Local leaders still have the power to advance this issue. In Washington, D.C., the 2015 budget contained the most funding ever for affordable housing: over $200 million. The City Council of Portland, Oregon, has unanimously voted to boost funding as well. And it is not only liberal enclaves either. Utah, with the support of the Church of Jesus Christ of Latter-day Saints, reduced its chronic homeless population by 90% by working hard to provide them with housing. Expanding these reforms would do a great deal more good for communities than arresting people for sleeping on park benches.
Laws that penalize the homeless don’t solve the problem. They merely sweep it under the rug. We can do better.
*Nino is a third-year student at Harvard Law School, where he is Student Body President of Harvard Law School and a President of the Harvard Journal on Legislation. He is from Livonia, Michigan, and graduated in 2014 from Eastern Michigan University.
 Robert Rosenberger, How Cities Use Design to Drive Homeless People Away, Atlantic (June 19, 2014) http://www.theatlantic.com/business/archive/2014/06/how-cities-use-design-to-drive-homeless-people-away/373067/.
 Marisol Bello, Report: More cities pass laws that hurt the homeless, USA Today (July 16, 2014) http://www.usatoday.com/story/news/nation/2014/07/16/criminalizing-homeless-no-camping-laws/12723745/.
 Carolyn Beeler, Laws That Target Homeless Imperil Programs That Feed Them Outdoors, NPR: The Salt (July 6, 2012) http://www.npr.org/sections/thesalt/2012/07/30/156328035/philadelphia-bans-serving-food-to-the-homeless-in-public.
 Bello, supra note 3.
 Donald E. Baker, “Anti-Homeless” Legislation: Unconstitutional Efforts to Punish the Homeless, 45 U. Miami L. Rev. 417, 418 (1991).
 Erin Bell, Increasing number of laws target cities’ homeless population, Scripps Howard Found. Wire (Aug. 14, 2014) http://www.shfwire.com/node9426/.
 Dilara Yarbrough, Enforcement of Anti-Homeless Laws Targets People of Color, Trans People, Street Sheet http://www.streetsheet.org/?p=1764.
 Kathleen Miles, Housing The Homeless Not Only Saves Lives — It’s Actually Cheaper Than Doing Nothing, Huffington Post (Mar. 25, 2014) http://www.huffingtonpost.com/2014/03/25/housing-first-homeless-charlotte_n_5022628.html.
 Marc Santora, City’s Annual Cost Per Inmate Is $168,000, Study Finds, N.Y. Times (Aug. 23, 2013) http://www.nytimes.com/2013/08/24/nyregion/citys-annual-cost-per-inmate-is-nearly-168000-study-says.html?_r=0.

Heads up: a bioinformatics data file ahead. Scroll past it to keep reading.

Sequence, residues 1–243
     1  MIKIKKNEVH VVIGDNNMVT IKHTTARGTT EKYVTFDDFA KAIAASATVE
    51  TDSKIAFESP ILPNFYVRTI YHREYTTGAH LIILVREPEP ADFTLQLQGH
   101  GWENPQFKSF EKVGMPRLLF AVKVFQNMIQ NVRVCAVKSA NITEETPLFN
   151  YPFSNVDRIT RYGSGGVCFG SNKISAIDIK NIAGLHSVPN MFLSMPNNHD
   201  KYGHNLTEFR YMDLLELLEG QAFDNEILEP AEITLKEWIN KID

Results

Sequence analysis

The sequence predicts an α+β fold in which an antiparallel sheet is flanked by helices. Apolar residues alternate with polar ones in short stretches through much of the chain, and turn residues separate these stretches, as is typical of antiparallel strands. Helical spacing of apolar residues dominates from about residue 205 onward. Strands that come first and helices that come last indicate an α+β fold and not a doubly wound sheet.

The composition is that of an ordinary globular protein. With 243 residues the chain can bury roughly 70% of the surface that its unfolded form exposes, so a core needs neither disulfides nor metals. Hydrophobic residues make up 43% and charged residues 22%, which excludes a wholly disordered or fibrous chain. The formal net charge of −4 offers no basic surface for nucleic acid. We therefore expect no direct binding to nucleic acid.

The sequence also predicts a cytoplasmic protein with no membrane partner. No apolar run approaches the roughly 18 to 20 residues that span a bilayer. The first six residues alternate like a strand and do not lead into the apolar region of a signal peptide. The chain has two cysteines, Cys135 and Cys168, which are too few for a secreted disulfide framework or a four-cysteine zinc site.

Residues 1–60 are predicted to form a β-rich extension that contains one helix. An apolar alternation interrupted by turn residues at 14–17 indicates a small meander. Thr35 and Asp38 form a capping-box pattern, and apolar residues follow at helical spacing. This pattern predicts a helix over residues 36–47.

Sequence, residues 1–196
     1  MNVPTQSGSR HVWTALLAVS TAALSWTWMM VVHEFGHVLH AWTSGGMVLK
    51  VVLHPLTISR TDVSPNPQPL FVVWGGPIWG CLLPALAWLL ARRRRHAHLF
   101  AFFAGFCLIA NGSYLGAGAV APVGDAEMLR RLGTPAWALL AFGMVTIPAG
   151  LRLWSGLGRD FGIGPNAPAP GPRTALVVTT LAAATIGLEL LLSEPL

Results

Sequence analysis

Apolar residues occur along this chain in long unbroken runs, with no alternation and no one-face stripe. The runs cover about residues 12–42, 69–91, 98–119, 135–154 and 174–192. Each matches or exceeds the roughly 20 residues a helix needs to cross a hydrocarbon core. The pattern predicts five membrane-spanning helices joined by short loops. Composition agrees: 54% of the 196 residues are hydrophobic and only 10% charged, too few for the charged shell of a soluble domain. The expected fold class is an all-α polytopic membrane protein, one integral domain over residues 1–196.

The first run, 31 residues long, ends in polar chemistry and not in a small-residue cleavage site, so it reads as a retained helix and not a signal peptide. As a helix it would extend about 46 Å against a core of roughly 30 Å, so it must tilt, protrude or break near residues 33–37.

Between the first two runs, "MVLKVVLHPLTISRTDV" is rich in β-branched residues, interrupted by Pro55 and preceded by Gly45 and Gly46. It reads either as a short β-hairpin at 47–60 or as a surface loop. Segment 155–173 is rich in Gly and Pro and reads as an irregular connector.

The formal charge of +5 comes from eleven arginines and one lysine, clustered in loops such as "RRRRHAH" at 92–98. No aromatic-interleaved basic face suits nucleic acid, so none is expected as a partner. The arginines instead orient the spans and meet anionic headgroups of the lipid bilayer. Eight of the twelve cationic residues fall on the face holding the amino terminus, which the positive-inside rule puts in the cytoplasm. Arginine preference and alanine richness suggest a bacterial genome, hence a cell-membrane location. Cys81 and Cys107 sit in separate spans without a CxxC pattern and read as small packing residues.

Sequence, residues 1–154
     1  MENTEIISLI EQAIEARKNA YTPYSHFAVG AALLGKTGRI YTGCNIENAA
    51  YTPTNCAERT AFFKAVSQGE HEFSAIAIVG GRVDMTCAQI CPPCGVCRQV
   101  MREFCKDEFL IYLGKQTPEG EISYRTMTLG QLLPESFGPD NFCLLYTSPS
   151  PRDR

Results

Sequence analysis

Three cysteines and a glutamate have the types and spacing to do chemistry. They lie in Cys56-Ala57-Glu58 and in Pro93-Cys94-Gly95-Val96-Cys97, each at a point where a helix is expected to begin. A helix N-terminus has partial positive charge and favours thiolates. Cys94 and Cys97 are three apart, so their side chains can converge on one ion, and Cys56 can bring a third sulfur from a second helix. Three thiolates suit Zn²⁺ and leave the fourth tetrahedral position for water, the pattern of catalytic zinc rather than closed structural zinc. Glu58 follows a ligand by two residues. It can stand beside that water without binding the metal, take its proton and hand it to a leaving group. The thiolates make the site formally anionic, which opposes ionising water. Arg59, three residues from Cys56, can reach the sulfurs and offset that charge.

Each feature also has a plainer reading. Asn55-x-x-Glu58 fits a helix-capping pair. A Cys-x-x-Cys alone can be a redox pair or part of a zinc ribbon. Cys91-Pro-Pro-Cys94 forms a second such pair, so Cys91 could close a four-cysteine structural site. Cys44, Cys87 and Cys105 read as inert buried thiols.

Understanding Homelessness, Citizens for Adequate Housing http://cahns.org/the-facts/.
 Report Ties Lack of Affordable Housing to Family Homelessness, Nat’l Low Income Housing Coalition (Dec. 22, 2014) http://nlihc.org/article/report-ties-lack-affordable-housing-family-homelessness.
 Matthew Desmond, Unaffordable America: Poverty, housing, and eviction 1 (March 2015) http://www.irp.wisc.edu/publications/fastfocus/pdfs/FF22-2015.pdf.
 Rural Homelessness, Nat’l Coalition for the Homeless 2 (Aug. 2007) http://nationalhomeless.org/wp-content/uploads/2014/06/Rural-Homelessness-Fact-Sheet.pdf.
 Chronic Homelessness – Policy, Nat’l Alliance to End Homelessness, http://www.endhomelessness.org/pages/chronic_homelessness_policy.
 Labor Force Statistics from the Current Population Survey, Bur. Labor Stat. (Jan. 20, 2016) http://data.bls.gov/timeseries/LNS14000000.
 Why Are People Homeless? Nat’l Coalition for the Homeless (July 2009), http://www.nationalhomeless.org/factsheets/why.html.
 Christina Hoag, Low-Income Housing Funds Are Drying Up All Over America, takepart (Jan. 13, 2015) http://www.takepart.com/article/2015/01/13/low-income-housing.
 Cheryl Cort, DC’s affordable housing programs are slated to get more money than ever before, Greater Greater Washington (June 8, 2015) http://greatergreaterwashington.org/post/27002/dcs-affordable-housing-programs-are-slated-to-get-more-money-than-ever-before/.
 Amelia Templeton, Portland City Council Increases Funding for Affordable Housing, OPB (Oct. 28, 2015) http://www.opb.org/news/article/portland-city-council-votes-to-increase-funding-for-affordable-housing/.
 Kelly McEvers, Utah Reduced Chronic Homelessness By 91 Percent; Here’s How, NPR (Dec. 10, 2015) http://www.npr.org/2015/12/10/459100751/utah-reduced-chronic-homelessness-by-91-percent-heres-how.